A federal judge appointed by former President Barack Obama grilled prosecutors Monday about why they are not seeking harsher punishments for those involved in the Jan. 6 Capitol incursion.
Judge Beryl Howell, chief judge for the D.C. district court, questioned the U.S. attorneys about why some defendants are being allowed to plead guilty to misdemeanors, according to Politico.
“Howell aired her doubts during what was expected to be a routine morning hearing to take the guilty plea of a Capitol riot defendant, Glenn Croy of Colorado Springs, Colo. Croy was arrested in February on charges that he and another man, Terry Lindsey, illegally entered the Capitol building on Jan. 6,” the news outlet reported.
“Under a deal with prosecutors, Croy was seeking to plead guilty to a single misdemeanor charge of parading or picketing in the Capitol. That carries a maximum sentence of six months in jail and a fine of up to $5,000.”
Howell pressed Assistant U.S. Attorney Clayton O’Connor on why prosecutors are charging some of those arrested with felony obstruction of Congress, which carries a maximum 20 years in prison, while others like Croy are able to plea to misdemeanors.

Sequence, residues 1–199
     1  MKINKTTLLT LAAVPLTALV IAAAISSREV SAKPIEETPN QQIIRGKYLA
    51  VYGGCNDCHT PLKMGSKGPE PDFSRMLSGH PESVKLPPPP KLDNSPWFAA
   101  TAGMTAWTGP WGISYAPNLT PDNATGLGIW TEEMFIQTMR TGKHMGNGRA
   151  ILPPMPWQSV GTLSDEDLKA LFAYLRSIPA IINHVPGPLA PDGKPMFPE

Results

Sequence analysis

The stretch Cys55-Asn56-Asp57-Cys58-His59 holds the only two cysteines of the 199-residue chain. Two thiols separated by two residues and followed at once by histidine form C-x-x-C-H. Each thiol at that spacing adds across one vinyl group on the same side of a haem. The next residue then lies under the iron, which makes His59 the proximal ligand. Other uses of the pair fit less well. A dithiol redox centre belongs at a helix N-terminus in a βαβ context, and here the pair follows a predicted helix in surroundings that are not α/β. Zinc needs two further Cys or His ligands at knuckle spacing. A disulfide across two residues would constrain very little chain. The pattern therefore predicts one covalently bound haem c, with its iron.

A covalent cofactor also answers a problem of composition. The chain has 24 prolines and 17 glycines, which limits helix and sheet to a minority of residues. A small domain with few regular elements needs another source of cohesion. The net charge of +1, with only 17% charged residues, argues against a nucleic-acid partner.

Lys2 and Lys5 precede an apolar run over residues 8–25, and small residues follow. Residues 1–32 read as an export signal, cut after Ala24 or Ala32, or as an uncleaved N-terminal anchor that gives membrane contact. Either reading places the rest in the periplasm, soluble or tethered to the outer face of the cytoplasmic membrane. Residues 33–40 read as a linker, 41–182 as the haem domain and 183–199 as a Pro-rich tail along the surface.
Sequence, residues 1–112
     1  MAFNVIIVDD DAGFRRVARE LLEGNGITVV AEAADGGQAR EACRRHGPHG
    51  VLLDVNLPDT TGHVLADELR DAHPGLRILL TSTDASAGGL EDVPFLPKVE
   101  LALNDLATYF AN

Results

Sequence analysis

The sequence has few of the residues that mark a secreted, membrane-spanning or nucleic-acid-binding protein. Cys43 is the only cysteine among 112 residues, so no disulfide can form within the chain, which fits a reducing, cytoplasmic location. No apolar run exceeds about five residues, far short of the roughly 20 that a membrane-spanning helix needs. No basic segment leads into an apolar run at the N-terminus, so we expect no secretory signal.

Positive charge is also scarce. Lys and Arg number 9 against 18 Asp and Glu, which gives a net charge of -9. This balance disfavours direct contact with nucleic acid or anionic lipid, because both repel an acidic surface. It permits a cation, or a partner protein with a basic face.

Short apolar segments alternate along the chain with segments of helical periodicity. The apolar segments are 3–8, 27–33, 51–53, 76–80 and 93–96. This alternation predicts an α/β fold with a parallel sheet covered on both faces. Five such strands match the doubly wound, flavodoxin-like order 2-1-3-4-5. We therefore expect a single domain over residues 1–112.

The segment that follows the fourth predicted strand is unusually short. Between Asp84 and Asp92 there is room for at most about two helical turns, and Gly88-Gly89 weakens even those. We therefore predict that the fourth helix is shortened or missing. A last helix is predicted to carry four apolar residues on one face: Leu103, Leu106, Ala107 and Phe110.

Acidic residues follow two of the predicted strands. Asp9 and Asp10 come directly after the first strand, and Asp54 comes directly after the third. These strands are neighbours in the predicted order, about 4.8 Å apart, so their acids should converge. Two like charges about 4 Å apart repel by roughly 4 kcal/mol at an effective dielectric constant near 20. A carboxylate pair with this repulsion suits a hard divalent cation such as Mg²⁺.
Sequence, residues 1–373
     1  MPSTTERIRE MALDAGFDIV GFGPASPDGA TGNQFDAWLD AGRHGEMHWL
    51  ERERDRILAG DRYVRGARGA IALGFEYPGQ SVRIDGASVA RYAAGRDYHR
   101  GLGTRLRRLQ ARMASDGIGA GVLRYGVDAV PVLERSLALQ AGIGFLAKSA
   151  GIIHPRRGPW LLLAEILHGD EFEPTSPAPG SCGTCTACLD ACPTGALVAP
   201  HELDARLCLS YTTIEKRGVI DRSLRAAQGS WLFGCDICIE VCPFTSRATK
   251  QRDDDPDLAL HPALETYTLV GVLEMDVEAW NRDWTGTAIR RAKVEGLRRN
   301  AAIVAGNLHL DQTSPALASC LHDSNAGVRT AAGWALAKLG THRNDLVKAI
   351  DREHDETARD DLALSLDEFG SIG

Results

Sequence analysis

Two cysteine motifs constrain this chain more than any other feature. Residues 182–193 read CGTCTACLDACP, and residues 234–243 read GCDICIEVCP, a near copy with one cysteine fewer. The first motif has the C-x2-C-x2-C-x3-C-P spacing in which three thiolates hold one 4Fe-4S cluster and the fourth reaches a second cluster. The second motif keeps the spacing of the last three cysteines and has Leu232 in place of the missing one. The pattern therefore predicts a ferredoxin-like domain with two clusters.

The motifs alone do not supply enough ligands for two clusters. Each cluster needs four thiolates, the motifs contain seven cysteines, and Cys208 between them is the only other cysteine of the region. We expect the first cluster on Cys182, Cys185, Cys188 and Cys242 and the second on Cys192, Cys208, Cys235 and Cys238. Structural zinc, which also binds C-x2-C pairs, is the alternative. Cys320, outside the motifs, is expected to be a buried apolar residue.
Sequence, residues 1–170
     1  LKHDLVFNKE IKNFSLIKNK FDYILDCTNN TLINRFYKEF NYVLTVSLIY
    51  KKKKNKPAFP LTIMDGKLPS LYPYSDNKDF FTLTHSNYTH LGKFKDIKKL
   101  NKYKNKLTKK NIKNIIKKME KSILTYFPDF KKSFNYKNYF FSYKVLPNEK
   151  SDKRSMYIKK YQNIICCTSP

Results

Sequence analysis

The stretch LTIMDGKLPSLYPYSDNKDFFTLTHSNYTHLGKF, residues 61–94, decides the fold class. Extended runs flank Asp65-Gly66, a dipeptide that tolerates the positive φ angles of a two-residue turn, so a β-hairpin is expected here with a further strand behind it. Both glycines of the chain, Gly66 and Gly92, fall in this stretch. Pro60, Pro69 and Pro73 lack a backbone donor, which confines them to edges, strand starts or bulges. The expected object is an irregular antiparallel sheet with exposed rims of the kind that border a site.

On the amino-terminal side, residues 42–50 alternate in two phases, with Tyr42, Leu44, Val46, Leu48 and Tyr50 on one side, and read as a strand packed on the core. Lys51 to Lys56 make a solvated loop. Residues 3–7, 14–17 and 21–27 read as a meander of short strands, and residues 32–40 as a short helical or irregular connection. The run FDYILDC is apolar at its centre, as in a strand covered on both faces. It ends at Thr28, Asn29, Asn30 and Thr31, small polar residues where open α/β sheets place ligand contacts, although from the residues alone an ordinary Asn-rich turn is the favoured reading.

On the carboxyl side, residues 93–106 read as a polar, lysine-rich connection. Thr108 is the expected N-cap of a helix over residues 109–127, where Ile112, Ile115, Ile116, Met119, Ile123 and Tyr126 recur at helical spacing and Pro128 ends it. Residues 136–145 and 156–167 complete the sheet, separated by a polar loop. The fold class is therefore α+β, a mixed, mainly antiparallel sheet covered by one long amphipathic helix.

“Largely, because of the elements which go to the obstruction charge which many of Mr. Croy’s co-rioters have been charged with,” O’Connor explained, according to Politico. “In the review of the investigation, that fact was not revealed to a degree that the government could prove it beyond a reasonable doubt with regard to Mr. Troy.”
The judge also probed how a $1.5 million in damages as a result of the riot figure was calculated, finding it “a little bit surprising” how low it was.
“Would you explain the U.S. Attorney’s Office’s reason to limit restitution to a little less than $1.5 million in repairs to the building itself, when the total cost of this riot to the American taxpayers is half a billion?” Howell asked, according to Politico.
I’ve got one question for the judge: How about last summer when Black Lives Matter protesters looted and set fire to our cities and antifa thugs laid a months-long siege on the federal courthouse in Portland, Oregon?
None of the “social justice” rioters appear to be on the hook for the billions in damage done or the cost of deploying the National Guard to put down the riots.
In June, Republican Sens. Ron Johnson of Wisconsin, Mike Lee of Utah, Ted Cruz of Texas, Tommy Tuberville of Alabama and Rick Scott of Florida, sent a letter to Attorney General Merrick Garland questioning the disparity in treatment by DOJ prosecutors.
“Property destruction stemming from the 2020 social justice protests throughout the country will reportedly result in at least $1 billion to $2 billion in paid insurance claims,” they wrote.
The senators pointed to DOJ statistics finding that one federal officer was killed, 147 federal officers were injured and 600 local officers were also injured as a result of the 2020 protests.
They also cited an April 14 Politico article headlined “Leniency for defendants in Portland clashes could affect Capitol riot cases.”